# Electrical conductor

In physics and electrical engineering, a conductor is an object or type of material that allows the flow of charge (electrical current) in one or more directions. Materials made of metal are common electrical conductors. Electrical current is generated by the flow of negatively charged electrons, positively charged holes, and positive or negative ions in some cases.

In order for current to flow, it is not necessary for one charged particle to travel from the machine producing the current to that consuming it. Instead, the charged particle simply needs to nudge its neighbor a finite amount who will nudge its neighbor and on and on until a particle is nudged into the consumer, thus powering the machine. Essentially what is occurring is a long chain of momentum transfer between mobile charge carriers; the Drude model of conduction describes this process more rigorously. This momentum transfer model makes metal an ideal choice for a conductor; metals, characteristically, possess a delocalized sea of electrons which gives the electrons enough mobility to collide and thus effect a momentum transfer.

As discussed above, electrons are the primary mover in metals; however, other devices such as the cationic electrolyte(s) of a battery, or the mobile protons of the proton conductor of a fuel cell rely on positive charge carriers. Insulators are non-conducting materials with few mobile charges that support only insignificant electric currents.

## Resistance and conductance

The resistance of a given conductor depends on the material it is made of, and on its dimensions. For a given material, the resistance is inversely proportional to the cross-sectional area. For example, a thick copper wire has lower resistance than an otherwise-identical thin copper wire. Also, for a given material, the resistance is proportional to the length; for example, a long copper wire has higher resistance than an otherwise-identical short copper wire. The resistance R and conductance G of a conductor of uniform cross section, therefore, can be computed as

{\begin{aligned}R&=\rho {\frac {\ell }{A}},\\[6pt]G&=\sigma {\frac {A}{\ell }}.\end{aligned}} where $\ell$ is the length of the conductor, measured in metres [m], A is the cross-section area of the conductor measured in square metres [m²], σ (sigma) is the electrical conductivity measured in siemens per meter (S·m−1), and ρ (rho) is the electrical resistivity (also called specific electrical resistance) of the material, measured in ohm-metres (Ω·m). The resistivity and conductivity are proportionality constants, and therefore depend only on the material the wire is made of, not the geometry of the wire. Resistivity and conductivity are reciprocals: $\rho =1/\sigma$ . Resistivity is a measure of the material's ability to oppose electric current.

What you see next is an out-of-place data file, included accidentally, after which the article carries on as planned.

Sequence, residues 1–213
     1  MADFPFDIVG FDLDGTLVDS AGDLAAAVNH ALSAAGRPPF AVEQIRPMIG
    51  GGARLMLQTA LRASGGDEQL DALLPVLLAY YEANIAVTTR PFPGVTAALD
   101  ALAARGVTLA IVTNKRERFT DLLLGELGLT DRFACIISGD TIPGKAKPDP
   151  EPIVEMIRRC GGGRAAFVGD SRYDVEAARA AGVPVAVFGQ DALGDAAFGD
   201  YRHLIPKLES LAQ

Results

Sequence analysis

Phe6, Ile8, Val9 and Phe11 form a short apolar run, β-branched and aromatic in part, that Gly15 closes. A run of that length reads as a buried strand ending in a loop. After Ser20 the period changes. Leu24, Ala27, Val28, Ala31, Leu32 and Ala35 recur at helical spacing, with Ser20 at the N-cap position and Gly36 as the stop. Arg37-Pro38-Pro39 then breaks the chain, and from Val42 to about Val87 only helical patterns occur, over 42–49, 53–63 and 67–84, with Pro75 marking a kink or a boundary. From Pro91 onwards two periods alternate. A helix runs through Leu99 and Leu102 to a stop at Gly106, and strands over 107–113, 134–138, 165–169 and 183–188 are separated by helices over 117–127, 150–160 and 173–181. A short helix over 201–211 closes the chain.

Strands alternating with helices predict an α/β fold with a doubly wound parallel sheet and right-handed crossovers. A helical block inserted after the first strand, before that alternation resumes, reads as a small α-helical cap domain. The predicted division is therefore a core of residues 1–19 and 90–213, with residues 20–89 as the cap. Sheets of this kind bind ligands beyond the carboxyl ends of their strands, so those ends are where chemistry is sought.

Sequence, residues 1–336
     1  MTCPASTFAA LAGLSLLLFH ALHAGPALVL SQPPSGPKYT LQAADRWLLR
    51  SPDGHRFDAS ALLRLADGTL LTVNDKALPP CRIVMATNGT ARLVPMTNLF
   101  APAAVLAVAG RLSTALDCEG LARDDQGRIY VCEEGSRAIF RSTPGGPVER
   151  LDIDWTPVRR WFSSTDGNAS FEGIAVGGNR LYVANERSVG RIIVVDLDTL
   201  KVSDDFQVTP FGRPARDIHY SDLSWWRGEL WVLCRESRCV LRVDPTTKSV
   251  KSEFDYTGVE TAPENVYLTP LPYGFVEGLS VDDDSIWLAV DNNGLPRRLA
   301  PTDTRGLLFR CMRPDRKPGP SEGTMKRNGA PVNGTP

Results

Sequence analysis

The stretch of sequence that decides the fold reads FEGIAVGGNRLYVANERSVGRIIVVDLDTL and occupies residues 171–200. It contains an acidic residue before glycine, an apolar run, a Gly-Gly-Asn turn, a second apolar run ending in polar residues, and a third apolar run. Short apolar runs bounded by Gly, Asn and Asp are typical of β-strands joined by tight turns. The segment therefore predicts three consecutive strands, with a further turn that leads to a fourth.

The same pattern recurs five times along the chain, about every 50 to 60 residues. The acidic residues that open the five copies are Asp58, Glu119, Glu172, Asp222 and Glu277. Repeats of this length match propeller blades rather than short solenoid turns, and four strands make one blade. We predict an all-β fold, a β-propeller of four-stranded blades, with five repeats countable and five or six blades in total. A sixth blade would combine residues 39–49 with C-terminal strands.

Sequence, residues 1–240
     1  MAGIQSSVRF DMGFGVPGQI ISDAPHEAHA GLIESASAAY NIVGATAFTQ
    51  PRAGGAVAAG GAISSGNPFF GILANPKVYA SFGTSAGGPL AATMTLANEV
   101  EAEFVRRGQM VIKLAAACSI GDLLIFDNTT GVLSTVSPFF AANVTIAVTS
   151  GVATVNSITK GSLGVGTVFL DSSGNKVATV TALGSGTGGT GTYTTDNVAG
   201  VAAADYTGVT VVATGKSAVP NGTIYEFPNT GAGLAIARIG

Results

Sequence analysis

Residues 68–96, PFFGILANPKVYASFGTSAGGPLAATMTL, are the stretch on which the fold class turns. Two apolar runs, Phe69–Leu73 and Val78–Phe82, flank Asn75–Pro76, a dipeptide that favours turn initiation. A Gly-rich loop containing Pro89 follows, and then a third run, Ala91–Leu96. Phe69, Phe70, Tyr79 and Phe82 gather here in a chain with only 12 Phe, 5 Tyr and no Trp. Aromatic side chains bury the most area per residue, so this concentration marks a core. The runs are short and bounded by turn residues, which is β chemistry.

This formula is not exact: It assumes the current density is totally uniform in the conductor, which is not always true in practical situation. However, this formula still provides a good approximation for long thin conductors such as wires.

Another situation this formula is not exact for is with alternating current (AC), because the skin effect inhibits current flow near the center of the conductor. Then, the geometrical cross-section is different from the effective cross-section in which current actually flows, so the resistance is higher than expected. Similarly, if two conductors are near each other carrying AC current, their resistances increase due to the proximity effect. At commercial power frequency, these effects are significant for large conductors carrying large currents, such as busbars in an electrical substation, or large power cables carrying more than a few hundred amperes.

Aside from the geometry of the wire, temperature also has a significant effect on the efficacy of conductors. Temperature affects conductors in two main ways, the first is that materials may expand under the application of heat. The amount that the material will expand is governed by the thermal expansion coefficient specific to the material. Such an expansion (or contraction) will change the geometry of the conductor and therefore its characteristic resistance. However, this effect is generally small, on the order of 10−6. An increase in temperature will also increase the number of phonons generated within the material. A phonon is essentially a lattice vibration, or rather a small, harmonic kinetic movement of the atoms of the material. Much like the shaking of a pinball machine, phonons serve to disrupt the path of electrons, causing them to scatter. This electron scattering will decrease the number of electron collisions and therefore will decrease the total amount of current transferred.

Other Languages
العربية: موصل كهربائي
azərbaycanca: Keçirici materiallar
български: Проводник
Ελληνικά: Αγωγός
Esperanto: Konduktilo
한국어: 전기 전도체
Bahasa Indonesia: Penghantar listrik
íslenska: Rafleiðari
ქართული: გამტარი
қазақша: Сілтеуіш
Kreyòl ayisyen: Kondiktè
kurdî: Ragihbar
Latina: Conductrum
Bahasa Melayu: Pengalir elektrik
မြန်မာဘာသာ: လျှပ်ကူးပစ္စည်း
Nederlands: Geleider

norsk nynorsk: Elektrisk leiar
oʻzbekcha/ўзбекча: Elektr oʻtkazgichlar
ਪੰਜਾਬੀ: ਬਿਜਲਈ ਚਾਲਕ
Piemontèis: Condutor
português: Condutor elétrico
Simple English: Electrical conductor
slovenčina: Elektrický vodič
slovenščina: Električni prevodnik
srpskohrvatski / српскохрватски: Električni vodič
українська: Провідник
Tiếng Việt: Chất dẫn điện